Preventing and Managing Falls in Adults with Cardiovascular Disease
Falls are a leading cause of injury in older Americans and carry the risk of permanent disability, high medical costs and even premature death.
But for those with cardiovascular disease, the risk of falls is even higher, with 60% at moderate or high risk for falls. Medications, increased frailty, abnormal heart rhythms, low blood pressure and fainting are just some of the reasons.
Removing the stigmaEven when falls are not associated with significant injury, they can result in increased fear of falling and lead to functional decline in seniors, leading to a diminished quality of life. But despite the frequency of falls among people with cardiovascular disease, the topic is often overshadowed by other medical issues.
Many older adults who fall may also be hesitant to mention falls to health care professionals or others in their life, thinking they will lose independence in their day-to-day activities and be treated differently.
Medications increase risk
Certain medications for cardiovascular conditions like high blood pressure can contribute to falls. The same is true for prescription drugs for non-heart related conditions. Medications that have been shown to increase risk of falls include:
- Arrhythmia medications
- Anti-anxiety medications (benzodiazepines) such as lorazepam and nonbenzodiazepine, sedative hypnotics such as zolpidem
- Diabetes medications
- High blood pressure medications including beta-blockers, ACE inhibitors and angiotensin receptor blockers (ARBs)
- Non-steroidal anti-inflammatory drugs (NSAIDs)
- Selective serotonin reuptake inhibitors (SSRIs)
It’s important to discuss the side effects of all medications you are taking with a health care professional and weigh the increased risks of falling with their benefits. It’s often possible to choose medications with fewer side effects or that can be taken in lower doses. In some cases, alternative, non-pharmacological options may be available and should also be discussed with your doctor or pharmacist.
Syncope (Fainting): When there is decreased blood flow to the brain, you can lose consciousness and fall. The risk of fainting increases with age and can result in falls.
In addition, people with cardiovascular conditions are more likely to suffer from low blood pressure, medically known as orthostatic hypotension. When blood pressure drops suddenly, a person may experience dizziness and faint. The likelihood of sudden low blood pressure increases with age and for those with hypertension.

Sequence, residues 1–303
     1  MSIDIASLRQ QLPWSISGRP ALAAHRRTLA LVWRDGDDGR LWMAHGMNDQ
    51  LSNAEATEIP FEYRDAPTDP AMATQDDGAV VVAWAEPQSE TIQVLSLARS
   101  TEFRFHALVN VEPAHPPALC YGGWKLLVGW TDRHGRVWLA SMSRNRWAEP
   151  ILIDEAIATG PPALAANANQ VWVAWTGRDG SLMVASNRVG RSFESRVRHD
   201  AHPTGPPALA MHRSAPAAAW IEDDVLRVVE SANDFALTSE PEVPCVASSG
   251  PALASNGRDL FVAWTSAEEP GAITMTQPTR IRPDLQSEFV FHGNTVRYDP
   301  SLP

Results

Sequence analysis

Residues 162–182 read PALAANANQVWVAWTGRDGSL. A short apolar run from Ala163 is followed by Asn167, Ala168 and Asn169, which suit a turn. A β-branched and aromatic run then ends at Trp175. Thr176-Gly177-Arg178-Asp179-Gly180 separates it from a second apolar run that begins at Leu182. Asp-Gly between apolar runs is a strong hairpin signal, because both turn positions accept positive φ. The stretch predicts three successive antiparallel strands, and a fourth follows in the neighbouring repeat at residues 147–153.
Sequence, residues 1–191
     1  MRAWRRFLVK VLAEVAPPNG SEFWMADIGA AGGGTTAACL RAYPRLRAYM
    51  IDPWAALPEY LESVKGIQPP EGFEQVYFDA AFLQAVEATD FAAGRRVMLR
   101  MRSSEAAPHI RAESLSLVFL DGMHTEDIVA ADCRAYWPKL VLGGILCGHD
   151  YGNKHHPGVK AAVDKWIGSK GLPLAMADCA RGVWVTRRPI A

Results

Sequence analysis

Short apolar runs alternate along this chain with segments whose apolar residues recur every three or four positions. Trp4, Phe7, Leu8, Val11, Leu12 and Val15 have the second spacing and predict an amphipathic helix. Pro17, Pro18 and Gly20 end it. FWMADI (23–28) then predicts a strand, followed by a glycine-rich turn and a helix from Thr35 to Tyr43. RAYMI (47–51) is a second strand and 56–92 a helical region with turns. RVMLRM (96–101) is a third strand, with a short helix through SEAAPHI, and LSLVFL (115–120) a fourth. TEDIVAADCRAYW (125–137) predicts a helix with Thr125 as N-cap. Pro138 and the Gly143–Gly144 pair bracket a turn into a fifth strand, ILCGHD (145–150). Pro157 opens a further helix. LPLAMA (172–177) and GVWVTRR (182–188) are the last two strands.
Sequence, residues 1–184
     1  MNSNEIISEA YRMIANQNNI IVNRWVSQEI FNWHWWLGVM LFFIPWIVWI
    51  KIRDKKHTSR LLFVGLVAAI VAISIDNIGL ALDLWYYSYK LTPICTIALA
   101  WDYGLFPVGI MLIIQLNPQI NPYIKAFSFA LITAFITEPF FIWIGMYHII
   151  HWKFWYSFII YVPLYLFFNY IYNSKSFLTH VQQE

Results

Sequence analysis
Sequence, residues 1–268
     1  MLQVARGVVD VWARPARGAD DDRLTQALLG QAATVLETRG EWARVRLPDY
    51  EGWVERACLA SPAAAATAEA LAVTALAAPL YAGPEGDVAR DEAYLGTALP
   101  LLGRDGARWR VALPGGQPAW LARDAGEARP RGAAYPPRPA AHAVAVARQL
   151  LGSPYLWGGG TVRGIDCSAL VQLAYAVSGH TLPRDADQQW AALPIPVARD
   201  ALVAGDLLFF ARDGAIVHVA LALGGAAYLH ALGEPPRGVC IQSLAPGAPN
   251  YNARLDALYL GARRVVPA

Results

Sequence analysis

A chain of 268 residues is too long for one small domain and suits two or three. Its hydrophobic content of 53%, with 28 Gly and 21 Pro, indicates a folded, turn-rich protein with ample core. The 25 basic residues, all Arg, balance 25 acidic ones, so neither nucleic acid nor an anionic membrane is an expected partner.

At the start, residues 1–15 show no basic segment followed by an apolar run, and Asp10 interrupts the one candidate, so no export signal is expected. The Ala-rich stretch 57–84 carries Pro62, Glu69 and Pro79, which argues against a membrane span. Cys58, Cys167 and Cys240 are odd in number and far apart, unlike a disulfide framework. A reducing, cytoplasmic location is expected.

Heart failure and arrhythmia: Adults with heart failure and arrhythmia (irregular heartbeat) have an especially high risk of falls because their heart may not pump as efficiently, or may beat in an irregular rhythm, causing a decrease in blood flow to the brain. They are also more likely to take multiple prescriptions, which may increase dizziness and lead to fainting and falls. People with heart failure are 13% more likely to fall than those with other chronic diseases.
Someone with heart failure faces a fourfold risk of sustaining a fracture that requires hospitalization compared with patients with other forms of cardiovascular disease.
Atrial fibrillation: Patients with irregular, rapid heartbeat, clinically known as atrial fibrillation or AFib, also face a higher fall risk. If you have atrial fibrillation and need anticoagulation therapy, a thorough evaluation of stroke risk, bleeding and falls is critical.
Non-cardiovascular conditions like arthritis, neurological problems, deafness, blindness and cognitive impairment such as dementia can all significantly affect mobility and balance, and in turn increase the likelihood of falling. But you can do many things to reduce the risk of falling, such as:
- Addressing hazards at home such as loose rugs, mats, clutter and stairs.
- Ensure adequate lighting and ambient temperature at home.
- Wear comfortable footwear.
- Incorporate physical and occupational therapy into wellness plans.
- Review medications.
It’s also crucial to stay closely connected to your health care professional and your support network of family and friends to help address and prevent falls.